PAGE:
Ch, Ch, Changes

Jalene Hahn |

Several of my friends will be delighted, I’m sure, that I’ve returned to the world of rock music for the title of an article. Probably best known as a musician, David Bowie studied music and dance, enjoying success as a musician, writer and actor during his working life. One of the attributes I most enjoyed was his regular ‘reinventions’ of himself, performing in different personas. Born David Jones, he became famous as ‘David Bowie’ in the 60’s, toured as ‘Ziggy Stardust’ during the early 70’s and then as the ‘Thin, Elegant Duke’ later in the decade.

One of his most famous songs, released in 1971, provides today’s title. Perhaps describing his own life, one couplet reads: Every time I thought I’d got it made, It seemed the taste was not so sweet. Does that sound in any way like your life or the life of someone you care about? We’ve heard for years that nothing is more certain than change. We see technological innovation every time we pick up a newspaper, turn on the TV or search the internet but change is also occurring at a personal level for all of us.

Some of us experience change as happening entirely too quickly. We are all getting older, undergoing the changes that accompany life’s various stages. Changes in family size/status such as having or adopting children, getting married or divorced, losing a spouse or partner through death are among the most difficult to navigate. These altered circumstances force us to reevaluate things and perhaps make new decisions. A home that seemed just right might be too small if we marry or add children to our life, while that same home might seem unmanageably large following divorce or the death of a spouse. Financial reverses and health issues complicate things even more.

One useful strategy for dealing with change is to take some time to stop and consider your life goals. Make a brief list and revisit it at least annually. Some items might be short term: to be accomplished in the next year or two and others may be longer term: the next five to ten years. In addition to helping you ‘keep score’ as the years roll along, this exercise can also help when a major event occurs. You can ask yourself if your goals are still reasonable and, if not, what might be some that are more appropriate.

Often, life changes bring financial questions into focus: How much life insurance is really needed? Is retirement still on schedule? Should an investment strategy that has been working be altered in light of the new situation? Jalene and I specialize in helping people answer exactly these kinds of questions. We work only for our clients so there’s never a need to wonder if a recommendation to add life insurance or change investment directions is something we have professional experience with or simply something that will generate a commission. Our planning always begins with getting to know our clients, developing their financial profile and, yes, helping them set goals.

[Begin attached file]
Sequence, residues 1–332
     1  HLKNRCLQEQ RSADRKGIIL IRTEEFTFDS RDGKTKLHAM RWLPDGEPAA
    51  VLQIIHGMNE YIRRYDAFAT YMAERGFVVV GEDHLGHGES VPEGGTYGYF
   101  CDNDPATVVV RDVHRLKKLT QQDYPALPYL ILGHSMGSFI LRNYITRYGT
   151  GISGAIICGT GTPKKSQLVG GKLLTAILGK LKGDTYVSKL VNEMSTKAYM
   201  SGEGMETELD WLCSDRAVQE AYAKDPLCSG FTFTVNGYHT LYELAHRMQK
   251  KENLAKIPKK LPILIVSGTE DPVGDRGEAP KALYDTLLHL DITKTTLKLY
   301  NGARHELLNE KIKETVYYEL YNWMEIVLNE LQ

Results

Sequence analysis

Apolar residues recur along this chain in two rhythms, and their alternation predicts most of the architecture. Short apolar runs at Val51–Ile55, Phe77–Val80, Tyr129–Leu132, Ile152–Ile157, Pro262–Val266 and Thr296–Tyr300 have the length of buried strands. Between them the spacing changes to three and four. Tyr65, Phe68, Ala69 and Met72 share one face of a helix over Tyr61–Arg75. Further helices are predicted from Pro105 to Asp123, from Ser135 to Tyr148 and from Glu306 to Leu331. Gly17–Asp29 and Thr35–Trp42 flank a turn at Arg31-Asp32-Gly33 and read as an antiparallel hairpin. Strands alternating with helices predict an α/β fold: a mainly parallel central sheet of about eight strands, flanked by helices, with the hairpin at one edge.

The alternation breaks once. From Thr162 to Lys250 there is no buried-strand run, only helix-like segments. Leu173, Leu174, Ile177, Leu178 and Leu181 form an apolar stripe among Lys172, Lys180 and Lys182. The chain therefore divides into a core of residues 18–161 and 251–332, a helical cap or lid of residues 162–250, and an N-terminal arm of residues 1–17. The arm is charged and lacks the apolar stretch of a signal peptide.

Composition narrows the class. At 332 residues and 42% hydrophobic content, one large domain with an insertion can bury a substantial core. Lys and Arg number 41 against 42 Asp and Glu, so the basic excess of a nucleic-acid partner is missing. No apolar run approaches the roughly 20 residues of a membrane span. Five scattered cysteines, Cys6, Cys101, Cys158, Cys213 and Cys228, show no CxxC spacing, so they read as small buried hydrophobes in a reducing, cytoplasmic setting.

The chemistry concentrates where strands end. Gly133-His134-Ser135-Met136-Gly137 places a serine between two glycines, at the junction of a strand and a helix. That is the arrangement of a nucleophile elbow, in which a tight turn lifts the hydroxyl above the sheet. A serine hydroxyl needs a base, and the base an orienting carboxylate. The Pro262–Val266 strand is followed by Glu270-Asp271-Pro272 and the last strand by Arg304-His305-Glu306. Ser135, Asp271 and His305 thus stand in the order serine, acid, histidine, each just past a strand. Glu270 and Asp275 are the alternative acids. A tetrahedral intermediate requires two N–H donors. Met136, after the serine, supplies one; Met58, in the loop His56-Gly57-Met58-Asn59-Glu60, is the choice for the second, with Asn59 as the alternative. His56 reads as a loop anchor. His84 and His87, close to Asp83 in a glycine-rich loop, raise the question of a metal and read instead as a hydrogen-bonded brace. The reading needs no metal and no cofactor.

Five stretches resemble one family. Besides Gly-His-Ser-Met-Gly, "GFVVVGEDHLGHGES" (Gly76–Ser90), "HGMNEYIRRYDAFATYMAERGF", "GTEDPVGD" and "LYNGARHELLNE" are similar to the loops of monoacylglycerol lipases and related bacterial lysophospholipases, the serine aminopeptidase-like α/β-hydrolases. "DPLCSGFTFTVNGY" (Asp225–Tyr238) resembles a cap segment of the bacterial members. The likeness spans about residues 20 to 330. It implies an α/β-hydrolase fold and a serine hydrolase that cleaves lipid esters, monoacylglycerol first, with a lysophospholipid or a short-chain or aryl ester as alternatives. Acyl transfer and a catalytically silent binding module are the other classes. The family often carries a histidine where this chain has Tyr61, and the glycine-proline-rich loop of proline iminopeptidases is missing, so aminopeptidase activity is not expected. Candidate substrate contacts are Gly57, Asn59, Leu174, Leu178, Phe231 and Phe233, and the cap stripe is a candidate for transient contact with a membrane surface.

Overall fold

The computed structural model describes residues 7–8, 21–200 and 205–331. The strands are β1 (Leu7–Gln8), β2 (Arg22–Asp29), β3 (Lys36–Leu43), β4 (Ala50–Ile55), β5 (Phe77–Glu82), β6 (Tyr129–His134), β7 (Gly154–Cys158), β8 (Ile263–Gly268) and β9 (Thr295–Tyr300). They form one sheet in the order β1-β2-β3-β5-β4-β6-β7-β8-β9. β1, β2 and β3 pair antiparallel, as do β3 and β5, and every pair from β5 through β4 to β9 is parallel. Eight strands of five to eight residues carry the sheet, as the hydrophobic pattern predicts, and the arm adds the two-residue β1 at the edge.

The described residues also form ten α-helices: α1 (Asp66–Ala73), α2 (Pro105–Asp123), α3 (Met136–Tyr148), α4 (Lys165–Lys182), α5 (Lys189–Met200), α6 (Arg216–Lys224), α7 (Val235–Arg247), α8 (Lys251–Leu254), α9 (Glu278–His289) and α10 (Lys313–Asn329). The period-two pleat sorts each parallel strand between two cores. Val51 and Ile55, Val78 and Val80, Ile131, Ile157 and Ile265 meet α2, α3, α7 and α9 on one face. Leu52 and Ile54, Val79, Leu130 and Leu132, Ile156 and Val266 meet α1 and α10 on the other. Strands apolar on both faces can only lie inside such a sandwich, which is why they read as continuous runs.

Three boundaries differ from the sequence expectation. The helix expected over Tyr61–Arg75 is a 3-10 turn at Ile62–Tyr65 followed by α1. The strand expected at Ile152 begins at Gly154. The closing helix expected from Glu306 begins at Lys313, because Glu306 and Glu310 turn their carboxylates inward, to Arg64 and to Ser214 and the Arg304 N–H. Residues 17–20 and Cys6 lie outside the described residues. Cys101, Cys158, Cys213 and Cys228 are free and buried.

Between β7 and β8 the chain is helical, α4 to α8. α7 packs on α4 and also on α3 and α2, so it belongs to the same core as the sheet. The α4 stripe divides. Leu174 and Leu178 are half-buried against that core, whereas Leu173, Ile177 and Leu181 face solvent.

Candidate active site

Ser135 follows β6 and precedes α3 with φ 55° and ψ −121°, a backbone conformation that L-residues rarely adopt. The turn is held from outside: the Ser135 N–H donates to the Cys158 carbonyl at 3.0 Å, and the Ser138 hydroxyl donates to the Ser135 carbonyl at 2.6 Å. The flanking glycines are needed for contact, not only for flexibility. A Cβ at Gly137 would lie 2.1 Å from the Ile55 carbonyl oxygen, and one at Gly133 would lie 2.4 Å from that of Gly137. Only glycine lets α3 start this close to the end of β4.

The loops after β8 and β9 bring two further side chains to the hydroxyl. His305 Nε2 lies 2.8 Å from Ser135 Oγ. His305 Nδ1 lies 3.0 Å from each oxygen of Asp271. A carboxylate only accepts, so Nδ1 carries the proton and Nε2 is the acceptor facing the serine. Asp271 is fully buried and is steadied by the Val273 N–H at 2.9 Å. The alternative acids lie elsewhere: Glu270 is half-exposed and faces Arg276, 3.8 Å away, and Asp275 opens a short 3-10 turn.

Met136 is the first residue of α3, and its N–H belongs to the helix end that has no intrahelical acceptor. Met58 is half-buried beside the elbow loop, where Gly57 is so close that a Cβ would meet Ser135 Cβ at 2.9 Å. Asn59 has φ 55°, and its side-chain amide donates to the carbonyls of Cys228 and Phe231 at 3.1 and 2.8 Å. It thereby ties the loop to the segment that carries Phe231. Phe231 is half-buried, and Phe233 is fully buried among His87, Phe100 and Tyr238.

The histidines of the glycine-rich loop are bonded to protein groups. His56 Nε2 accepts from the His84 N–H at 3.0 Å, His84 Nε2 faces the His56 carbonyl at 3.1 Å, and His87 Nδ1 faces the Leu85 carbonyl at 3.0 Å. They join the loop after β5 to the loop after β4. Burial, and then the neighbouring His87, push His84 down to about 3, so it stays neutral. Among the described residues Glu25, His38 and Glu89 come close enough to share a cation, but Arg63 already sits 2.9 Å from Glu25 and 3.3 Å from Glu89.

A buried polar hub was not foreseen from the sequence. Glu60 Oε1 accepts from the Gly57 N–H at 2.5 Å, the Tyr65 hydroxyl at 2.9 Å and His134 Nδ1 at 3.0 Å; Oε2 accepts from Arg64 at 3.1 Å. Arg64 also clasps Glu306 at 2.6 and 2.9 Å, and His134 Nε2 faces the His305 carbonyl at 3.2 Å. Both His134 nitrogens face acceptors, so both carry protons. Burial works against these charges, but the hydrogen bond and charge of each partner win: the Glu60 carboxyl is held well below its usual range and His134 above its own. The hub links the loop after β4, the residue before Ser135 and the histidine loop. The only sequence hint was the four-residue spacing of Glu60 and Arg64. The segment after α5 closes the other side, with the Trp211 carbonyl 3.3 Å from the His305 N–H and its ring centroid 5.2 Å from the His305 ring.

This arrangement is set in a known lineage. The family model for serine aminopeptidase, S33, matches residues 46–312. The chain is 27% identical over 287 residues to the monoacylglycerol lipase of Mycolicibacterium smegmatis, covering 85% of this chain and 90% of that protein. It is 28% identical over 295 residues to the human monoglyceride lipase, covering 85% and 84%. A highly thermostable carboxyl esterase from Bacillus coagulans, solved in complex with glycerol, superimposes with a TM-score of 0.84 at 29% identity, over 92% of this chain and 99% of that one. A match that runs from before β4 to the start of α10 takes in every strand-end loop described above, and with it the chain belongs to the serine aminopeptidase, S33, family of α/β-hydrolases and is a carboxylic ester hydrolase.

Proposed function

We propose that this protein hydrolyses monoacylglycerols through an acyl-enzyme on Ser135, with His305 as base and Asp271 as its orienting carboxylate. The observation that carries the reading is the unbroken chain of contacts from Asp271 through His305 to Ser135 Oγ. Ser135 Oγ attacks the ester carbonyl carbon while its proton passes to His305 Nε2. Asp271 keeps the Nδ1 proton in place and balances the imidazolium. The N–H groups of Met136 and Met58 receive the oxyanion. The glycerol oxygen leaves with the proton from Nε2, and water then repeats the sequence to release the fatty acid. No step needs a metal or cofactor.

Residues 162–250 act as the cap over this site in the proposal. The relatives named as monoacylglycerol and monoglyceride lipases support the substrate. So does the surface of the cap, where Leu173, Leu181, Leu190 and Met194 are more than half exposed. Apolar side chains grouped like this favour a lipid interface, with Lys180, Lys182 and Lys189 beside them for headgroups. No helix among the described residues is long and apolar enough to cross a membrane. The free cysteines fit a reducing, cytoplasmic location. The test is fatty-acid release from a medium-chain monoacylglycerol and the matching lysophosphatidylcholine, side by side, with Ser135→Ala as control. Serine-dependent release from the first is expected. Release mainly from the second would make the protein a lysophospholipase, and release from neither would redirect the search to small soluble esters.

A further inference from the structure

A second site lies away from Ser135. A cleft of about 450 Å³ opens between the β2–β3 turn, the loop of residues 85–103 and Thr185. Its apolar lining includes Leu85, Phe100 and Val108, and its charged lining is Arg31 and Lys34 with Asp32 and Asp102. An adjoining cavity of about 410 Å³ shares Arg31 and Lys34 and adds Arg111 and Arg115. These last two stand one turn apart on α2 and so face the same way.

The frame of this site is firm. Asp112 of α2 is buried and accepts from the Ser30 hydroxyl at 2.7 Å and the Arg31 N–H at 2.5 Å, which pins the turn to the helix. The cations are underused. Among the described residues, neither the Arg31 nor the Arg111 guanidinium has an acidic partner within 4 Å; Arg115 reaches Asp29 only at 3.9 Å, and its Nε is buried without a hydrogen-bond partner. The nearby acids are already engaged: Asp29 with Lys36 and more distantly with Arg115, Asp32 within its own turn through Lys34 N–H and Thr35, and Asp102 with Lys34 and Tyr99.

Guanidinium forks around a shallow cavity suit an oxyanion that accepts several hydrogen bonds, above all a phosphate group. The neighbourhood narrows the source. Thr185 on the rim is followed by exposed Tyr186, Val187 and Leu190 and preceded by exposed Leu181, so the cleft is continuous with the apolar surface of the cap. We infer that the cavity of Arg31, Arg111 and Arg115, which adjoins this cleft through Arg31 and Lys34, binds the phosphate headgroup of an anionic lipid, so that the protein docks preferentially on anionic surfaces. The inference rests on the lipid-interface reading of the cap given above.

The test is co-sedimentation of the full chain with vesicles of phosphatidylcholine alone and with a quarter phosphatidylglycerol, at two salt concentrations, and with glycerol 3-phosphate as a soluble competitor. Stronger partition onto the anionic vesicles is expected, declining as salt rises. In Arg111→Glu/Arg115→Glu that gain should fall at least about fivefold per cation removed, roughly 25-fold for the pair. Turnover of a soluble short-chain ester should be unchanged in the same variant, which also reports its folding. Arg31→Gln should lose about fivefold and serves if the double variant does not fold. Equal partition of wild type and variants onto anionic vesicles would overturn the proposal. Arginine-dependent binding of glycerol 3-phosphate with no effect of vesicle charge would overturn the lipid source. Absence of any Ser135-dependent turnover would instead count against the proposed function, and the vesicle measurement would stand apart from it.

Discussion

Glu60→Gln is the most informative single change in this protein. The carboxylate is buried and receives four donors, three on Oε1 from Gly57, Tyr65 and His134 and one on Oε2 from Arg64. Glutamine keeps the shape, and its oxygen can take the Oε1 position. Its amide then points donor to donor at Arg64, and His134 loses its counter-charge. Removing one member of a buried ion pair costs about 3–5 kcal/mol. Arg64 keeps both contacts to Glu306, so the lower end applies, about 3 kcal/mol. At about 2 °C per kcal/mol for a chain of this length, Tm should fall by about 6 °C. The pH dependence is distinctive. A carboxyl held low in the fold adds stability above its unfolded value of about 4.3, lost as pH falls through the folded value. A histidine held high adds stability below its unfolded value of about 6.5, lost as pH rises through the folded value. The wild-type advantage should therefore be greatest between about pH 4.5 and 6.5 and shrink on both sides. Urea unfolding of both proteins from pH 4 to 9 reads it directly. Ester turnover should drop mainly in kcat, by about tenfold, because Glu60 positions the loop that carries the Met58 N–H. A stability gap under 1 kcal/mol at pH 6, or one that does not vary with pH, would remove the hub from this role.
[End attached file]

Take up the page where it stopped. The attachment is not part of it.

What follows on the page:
Even though he was financially successful, Bowie also wrote: Don’t want to be a richer man, Just gonna have to be a better man, suggesting that money may not have been the most important thing in his life. That’s something we understand too. While we are ‘financial’ planners, we deal with many aspects of our clients’ lives in order to maximize both their financial and personal well-being.

In addition to his other interests, Bowie was an inventive financier. In order to raise money to buy the rights to songs which were owned by a former manager, he sold $55 million worth of bonds to the Prudential Insurance Co. The Bowie Bonds were backed by the royalties from 287 of his songs and paid higher than market rates which worked for Prudential. But the royalties reverted to Bowie ten years later which worked for him too. He was the first to take this ‘securitization via intellectual property’ approach, an idea later borrowed by others.

Creative solutions to life’s problems are an everyday part of our work at WWA. Whether things are going along smoothly and you’d like some validation or your world has suddenly turned upside-down and you feel in need of direction and support – give us a call. Helping people weather life’s changes is one of the most important things we do at WWA.